A Harassed Grebe And A Barn Owl Yesterday Morning At Farmington

I almost didn’t go shooting yesterday because birds have been slow but one of my mantras is “you never know unless you go”, so go I went. I’m very glad I did.


pied-billed-grebe-water-splashes-9901b-ron-dudley1/5000, f/6.3, ISO 800, Canon 7D Mark II, Canon EF 500mm f/4L IS II USM + EF 1.4 III Extender

Here’s a scene I photograph all too often – the water splashes of a Pied-billed Grebe with a fish in its beak as it runs across the water with another grebe hot on its heels and with fish-thievery (kleptoparasitism) on its mind. It’s incredibly difficult to photograph the grebe with the fish because the action is so fast – finding that little feathered rocket in the viewfinder is hard enough but then you still have to lock focus on the bird before you get a decent shot. Usually all I get is a soft and/or clipped bird or a water trail like this one.

Sometimes I lock focus on the water trail before my lens even reaches the running bird.




1/4000, f/6.3, ISO 800, Canon 7D Mark II, Canon EF 500mm f/4L IS II USM + EF 1.4 III Extender, not baited, set up or called in

When I caught up with this grebe I was able to get several sharp shots of the panicked bird skittering across the water. I love action shots like this, partly because they’re so hard to get. I’ve cropped the photo to include some of the water splashes which I think are important in illustrating the behavior.

Notice that this is a young bird. It still retains some of the juvenile markings under and behind its eye.

There wasn’t much else going on at the refuge so we decided to head for home. But within a couple of minutes of that decision I spotted something that blew me away – especially this time of year.




1/3200, f/6.3, ISO 500, Canon 7D Mark II, Canon EF 500mm f/4L IS II USM + EF 1.4 III Extender, not baited, set up or called in

A Barn Owl out in the open and actively hunting in daylight (this photo was taken at 10:05 AM)!

It isn’t an unusual occurrence in the dead of winter when it’s very cold and there’s snow on the ground but this time of year it’s almost unheard of (temps were in the mid-40’s at the time and there was no snow). I believe late December is the earliest I’ve photographed Barn Owls hunting during daytime in the past. I saw the owl go after prey one time but it came up empty.

I have other images of this owl, including flight shots, that I’ll probably post in the near future but I still have to go through them so it’ll take some time.

I was delighted to see this owl but it also has me a little worried. Typically they only hunt this time of day when demands for food are high (extreme cold) and voles are hard to catch because of snow on the ground. I hope this isn’t a sign of a crash in the local vole population…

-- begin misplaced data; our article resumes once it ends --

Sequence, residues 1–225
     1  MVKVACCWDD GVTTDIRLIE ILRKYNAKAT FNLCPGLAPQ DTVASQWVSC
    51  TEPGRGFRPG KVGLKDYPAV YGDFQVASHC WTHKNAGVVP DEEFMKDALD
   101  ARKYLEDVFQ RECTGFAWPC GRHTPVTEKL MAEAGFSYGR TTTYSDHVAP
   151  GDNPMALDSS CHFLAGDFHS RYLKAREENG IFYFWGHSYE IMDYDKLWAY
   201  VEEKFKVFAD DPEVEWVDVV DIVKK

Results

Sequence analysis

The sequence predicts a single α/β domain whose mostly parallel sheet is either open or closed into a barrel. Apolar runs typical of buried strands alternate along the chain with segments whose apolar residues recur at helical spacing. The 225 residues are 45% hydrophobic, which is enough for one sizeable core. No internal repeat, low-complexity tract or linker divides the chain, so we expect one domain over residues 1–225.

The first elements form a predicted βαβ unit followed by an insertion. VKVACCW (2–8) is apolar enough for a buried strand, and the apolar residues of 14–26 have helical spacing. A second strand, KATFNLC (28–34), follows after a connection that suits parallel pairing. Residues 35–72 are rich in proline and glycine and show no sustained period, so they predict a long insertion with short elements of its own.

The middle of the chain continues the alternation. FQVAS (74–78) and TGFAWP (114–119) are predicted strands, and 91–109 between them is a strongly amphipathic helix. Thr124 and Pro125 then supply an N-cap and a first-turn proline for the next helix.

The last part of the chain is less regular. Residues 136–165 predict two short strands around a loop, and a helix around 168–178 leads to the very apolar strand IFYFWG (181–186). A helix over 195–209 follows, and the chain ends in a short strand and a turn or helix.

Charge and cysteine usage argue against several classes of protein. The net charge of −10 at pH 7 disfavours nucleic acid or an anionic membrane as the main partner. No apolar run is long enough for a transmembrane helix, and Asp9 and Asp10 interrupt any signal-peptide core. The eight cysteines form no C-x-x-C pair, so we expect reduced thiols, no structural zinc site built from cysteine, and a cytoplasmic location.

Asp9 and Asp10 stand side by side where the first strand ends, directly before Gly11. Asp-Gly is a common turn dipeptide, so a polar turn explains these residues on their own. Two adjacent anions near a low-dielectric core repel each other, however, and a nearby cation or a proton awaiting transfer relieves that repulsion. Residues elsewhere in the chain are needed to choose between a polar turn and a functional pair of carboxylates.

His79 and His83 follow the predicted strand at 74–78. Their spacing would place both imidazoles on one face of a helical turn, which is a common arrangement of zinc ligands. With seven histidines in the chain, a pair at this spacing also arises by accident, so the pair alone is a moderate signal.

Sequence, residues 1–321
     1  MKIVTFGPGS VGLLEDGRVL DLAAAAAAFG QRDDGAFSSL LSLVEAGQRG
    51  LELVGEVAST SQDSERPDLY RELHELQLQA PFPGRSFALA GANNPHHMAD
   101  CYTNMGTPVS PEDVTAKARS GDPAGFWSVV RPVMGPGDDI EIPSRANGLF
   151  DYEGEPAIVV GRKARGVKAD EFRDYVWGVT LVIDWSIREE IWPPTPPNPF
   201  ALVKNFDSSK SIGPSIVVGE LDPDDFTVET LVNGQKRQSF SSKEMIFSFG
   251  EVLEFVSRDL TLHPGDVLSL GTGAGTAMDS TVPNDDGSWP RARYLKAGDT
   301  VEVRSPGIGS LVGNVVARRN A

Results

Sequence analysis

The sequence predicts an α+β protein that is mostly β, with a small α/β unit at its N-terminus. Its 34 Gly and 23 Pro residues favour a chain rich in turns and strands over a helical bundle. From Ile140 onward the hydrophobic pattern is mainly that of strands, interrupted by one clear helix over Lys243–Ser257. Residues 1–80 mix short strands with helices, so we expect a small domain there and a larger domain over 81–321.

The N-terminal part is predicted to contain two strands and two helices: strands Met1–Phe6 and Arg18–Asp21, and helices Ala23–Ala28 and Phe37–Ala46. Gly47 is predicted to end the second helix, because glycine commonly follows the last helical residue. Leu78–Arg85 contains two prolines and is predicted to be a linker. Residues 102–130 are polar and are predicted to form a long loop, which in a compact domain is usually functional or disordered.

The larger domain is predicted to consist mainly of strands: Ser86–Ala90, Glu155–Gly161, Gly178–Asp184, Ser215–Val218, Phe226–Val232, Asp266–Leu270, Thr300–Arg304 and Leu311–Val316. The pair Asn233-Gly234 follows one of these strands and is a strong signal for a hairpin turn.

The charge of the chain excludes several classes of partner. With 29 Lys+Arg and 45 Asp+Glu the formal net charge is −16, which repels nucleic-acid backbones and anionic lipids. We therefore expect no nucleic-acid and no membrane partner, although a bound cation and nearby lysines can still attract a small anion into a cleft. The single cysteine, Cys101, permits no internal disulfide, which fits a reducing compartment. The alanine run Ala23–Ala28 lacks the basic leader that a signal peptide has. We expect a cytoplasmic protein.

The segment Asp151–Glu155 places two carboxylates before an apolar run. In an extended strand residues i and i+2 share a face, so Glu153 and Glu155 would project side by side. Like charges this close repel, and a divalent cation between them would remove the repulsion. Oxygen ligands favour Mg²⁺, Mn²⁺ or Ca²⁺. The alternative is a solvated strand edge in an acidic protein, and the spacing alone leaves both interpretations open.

Landing Juvenile Red-tailed Hawk

Blog followers know I have a strong aversion for power poles and wires in my images. But thanks to input from readers I’ve had a change of heart when the poles are ancient and the insulators are the old-fashioned kind.


red-tailed-hawk-4226b-ron-dudley1/3200, f/6.3, ISO 640, Canon 7D Mark II, Canon EF 500mm f/4L IS II USM + EF 1.4 III Extender, not baited, set up or called in

I photographed this juvenile in mid-September in Clark County, Idaho just as it touched down on the old pole. I have a strong attraction for photos of landing raptors because they’re hard to get and as a result we don’t see many of them. I like the timing of this shot and the nice light on most of the ventral surfaces of the bird. For me there’s just enough light in the eye for the image to work and I think the missing insulator only adds to the appeal because of its implication of age.

Regular readers know I’ve despised poles and wires in my images from the get-go and some of you have given me grief for my pickiness. To be honest the only reason I was even photographing these hawks on the poles was so I could get them in flight just before landing or just after takeoff (I could  crop out the poles if I had to). But these particular poles are ancient and weathered and the insulators are the old-fashioned kind so I gritted my teeth and posted a shot of a red-tail landing on a different but similar pole a couple of months ago. Friend Jerry Liguori pointed out that these very old poles are abandoned railroad poles carrying low voltage signal lines (there were RR tracks adjacent to them) and other readers noted that the insulators are antique collectibles.

Since that time my images of this bird and others on the poles have grown on me. A lot. To the point that I actually cropped this image to feature the pole, crossbeam and insulators (the bird is fairly small in the frame and I’ve cropped to the end of the beam). Without input from readers I’d have probably kept this image but it never would have seen the light of day.

Don’t tell me you can’t teach an old dog (or an old photographer) new tricks!


Note: Sharp-eyed readers may notice that this hawk is probably the same bird as the one in the linked post in my text.